they work with teams to act in the company's best
• Use open and honest communication to remove fear
from the organization.
9.Break down barriers between departments.
o Build the "internal customer" concept –
recognize that each department or function
serves other departments that use their
o Build a shared vision.
o Use cross-functional teamwork to build
understanding and reduce adversarial
o Focus on collaboration and consensus instead
10.Get rid of unclear slogans.
Let people know exactly what you want –
don't make them guess. "Excellence in
service" is short and memorable, but what
does it mean? How is it achieved? The
message is clearer in a slogan like "You can
do better if you try."
Don't let words and nice-sounding phrases
replace effective leadership. Outline your
expectations, and then praise people face-to-
face for doing good work.
11.Eliminate management by objectives.
Look at how the process is carried out, not
just numerical targets. Deming said that
production targets encourage high output
and low quality.
Provide support and resources so that
production levels and quality are high and
Measure the process rather than the
people behind the process.
12.Remove barriers to pride of
Allow everyone to take pride in their
work without being rated or compared.
Treat workers the same, and don't make
them compete with other workers for
monetary or other rewards. Over time,
the quality system will naturally raise
the level of everyone's work to an
equally high level
13.Implement education and self-
Improve the current skills of
Encourage people to learn new skills
to prepare for future changes and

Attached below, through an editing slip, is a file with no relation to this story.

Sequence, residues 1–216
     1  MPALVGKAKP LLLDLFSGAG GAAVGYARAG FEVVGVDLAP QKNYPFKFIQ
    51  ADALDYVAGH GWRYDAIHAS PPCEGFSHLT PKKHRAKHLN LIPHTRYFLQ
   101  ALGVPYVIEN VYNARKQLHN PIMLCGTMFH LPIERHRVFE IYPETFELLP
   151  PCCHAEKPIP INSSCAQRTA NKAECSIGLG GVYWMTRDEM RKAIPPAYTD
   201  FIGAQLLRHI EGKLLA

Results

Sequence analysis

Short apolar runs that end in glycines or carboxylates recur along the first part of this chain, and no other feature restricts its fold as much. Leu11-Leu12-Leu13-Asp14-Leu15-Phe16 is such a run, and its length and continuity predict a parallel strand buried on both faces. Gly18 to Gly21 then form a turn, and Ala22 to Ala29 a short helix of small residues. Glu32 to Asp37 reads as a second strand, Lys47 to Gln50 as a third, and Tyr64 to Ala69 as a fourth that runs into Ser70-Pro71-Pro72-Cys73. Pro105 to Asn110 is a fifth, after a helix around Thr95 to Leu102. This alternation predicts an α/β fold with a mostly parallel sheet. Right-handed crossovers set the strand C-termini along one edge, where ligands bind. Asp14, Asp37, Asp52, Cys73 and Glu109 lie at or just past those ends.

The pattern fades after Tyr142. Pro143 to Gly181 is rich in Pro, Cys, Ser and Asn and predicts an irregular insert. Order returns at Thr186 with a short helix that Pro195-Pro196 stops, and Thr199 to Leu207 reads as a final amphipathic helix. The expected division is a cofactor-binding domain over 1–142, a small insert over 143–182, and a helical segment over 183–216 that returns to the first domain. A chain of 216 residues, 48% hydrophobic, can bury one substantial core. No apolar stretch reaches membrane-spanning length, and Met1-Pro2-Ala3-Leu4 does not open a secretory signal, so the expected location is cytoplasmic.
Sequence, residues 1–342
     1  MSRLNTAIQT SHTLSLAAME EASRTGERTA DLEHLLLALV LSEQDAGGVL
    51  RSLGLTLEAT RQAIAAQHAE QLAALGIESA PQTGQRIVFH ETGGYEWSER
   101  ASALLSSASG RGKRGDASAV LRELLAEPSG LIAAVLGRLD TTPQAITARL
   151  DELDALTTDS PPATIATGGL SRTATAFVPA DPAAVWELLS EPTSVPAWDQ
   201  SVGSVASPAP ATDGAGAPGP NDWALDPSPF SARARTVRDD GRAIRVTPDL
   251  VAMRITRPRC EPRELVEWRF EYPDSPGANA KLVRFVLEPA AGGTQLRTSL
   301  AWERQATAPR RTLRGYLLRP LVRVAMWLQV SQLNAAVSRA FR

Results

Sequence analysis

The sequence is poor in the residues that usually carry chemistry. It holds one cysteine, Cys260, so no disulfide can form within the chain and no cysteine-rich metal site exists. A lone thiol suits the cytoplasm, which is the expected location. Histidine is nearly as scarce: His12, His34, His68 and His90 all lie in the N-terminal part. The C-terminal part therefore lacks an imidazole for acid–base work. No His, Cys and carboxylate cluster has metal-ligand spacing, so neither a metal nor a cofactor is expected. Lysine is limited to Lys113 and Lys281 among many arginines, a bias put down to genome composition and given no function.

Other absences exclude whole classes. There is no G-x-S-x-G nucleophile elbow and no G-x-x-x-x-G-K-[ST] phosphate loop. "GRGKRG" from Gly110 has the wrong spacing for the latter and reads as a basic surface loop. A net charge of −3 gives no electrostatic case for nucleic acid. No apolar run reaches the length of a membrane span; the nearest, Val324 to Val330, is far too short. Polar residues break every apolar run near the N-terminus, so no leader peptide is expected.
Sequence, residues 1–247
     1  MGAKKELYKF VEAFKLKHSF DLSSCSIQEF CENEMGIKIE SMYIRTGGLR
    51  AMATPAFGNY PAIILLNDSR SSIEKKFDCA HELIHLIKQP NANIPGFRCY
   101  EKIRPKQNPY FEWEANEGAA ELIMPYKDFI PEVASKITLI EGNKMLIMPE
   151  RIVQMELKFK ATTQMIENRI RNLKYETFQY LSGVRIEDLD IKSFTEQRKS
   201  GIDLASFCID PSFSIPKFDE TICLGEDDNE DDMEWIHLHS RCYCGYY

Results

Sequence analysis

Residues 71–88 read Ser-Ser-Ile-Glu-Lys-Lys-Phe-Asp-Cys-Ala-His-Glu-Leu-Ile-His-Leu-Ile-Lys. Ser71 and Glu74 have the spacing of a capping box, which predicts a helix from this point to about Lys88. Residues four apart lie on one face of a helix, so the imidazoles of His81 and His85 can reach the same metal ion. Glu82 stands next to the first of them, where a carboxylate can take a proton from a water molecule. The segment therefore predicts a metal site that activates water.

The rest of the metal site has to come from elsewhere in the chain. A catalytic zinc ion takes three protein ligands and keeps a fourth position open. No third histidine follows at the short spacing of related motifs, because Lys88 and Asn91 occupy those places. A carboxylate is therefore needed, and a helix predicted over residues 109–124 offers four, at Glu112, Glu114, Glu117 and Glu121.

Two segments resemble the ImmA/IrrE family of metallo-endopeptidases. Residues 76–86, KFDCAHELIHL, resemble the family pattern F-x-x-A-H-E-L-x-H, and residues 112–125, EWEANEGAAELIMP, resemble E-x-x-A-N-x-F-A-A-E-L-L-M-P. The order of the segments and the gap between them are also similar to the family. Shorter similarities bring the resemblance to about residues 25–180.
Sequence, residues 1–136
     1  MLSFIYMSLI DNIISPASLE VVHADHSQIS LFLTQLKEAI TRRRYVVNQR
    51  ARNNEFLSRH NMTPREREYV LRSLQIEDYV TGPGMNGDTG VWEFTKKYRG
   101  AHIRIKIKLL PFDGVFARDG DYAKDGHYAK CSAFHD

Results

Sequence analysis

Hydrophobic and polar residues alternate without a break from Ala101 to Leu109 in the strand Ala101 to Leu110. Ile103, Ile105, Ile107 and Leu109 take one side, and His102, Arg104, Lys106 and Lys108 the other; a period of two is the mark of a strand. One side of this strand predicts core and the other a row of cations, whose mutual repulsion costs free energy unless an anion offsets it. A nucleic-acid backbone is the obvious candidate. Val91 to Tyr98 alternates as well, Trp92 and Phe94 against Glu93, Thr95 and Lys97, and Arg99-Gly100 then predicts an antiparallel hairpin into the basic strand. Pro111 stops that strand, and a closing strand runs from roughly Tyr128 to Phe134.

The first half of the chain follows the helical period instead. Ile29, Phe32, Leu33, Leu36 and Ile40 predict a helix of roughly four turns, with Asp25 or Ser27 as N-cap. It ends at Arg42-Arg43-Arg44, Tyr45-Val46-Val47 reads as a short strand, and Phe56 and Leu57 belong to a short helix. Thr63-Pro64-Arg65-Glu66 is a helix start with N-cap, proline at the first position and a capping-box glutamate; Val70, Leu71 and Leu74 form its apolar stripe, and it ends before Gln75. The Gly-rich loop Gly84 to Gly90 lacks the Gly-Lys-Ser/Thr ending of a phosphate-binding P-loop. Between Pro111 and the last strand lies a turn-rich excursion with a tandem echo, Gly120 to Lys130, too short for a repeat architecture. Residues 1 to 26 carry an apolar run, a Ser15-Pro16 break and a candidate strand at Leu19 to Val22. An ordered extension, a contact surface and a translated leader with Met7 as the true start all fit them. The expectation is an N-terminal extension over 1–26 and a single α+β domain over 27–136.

Build skills to make your workforce
more adaptable to change, and
better able to find and achieve
14.Make "transformation" everyone's job.
Improve your overall organization by
having each person take a step toward
Analyze each small step, and understand
how it fits into the larger picture.
Use effective change management
principles to introduce the new
philosophy and ideas in Deming's 14
Deming Chain Reaction
Costs decrease because of
less rework and mistakes
Capture market with better
quality and lower price
Stay in business and provide more jobs
The Deming Cycle or PDCA Cycle
Plan a change to the process. Predict the
effect this change will have and plan how
the effects will be measured
Implement the change on
a small scale and measure
Adopt the change as a
to the process, or
Study the results to
learn what effect the
change had, if any.
Deming’s 7 Deadly Sins
• Lack of constancy of purpose
• Emphasis on short term results
• Evaluation-- merit rating, annual review
• Mobility of management
• Relying on visible figures alone
• Excessive medical cost
• Excessive legal costs
Deming’s System of Profound
• Appreciation for a system
• Understanding variation
• Theory of knowledge
Appreciation for a Systems
A system is a set of functions or activities
within an organization that work together
for the aim of the organization.
• Components must work together
• Management must optimize the system
• Every system must have a purpose
Knowledge of Statistical theory
understanding of variation,
process capability, control
charts, interaction and loss
Theory of Knowledge
• Knowledge is not possible without theory
• Experience alone does not establish a theory,
it only describes
• Theory shows a cause and effect relationship
that can be used for prediction
• Sincere trust and belief in people
• Understanding of how people work in systems
• People are motivated intrinsically and
extrinsically; intrinsic motivation is the most
• Fear is demotivating
• Managers should develop pride and joy in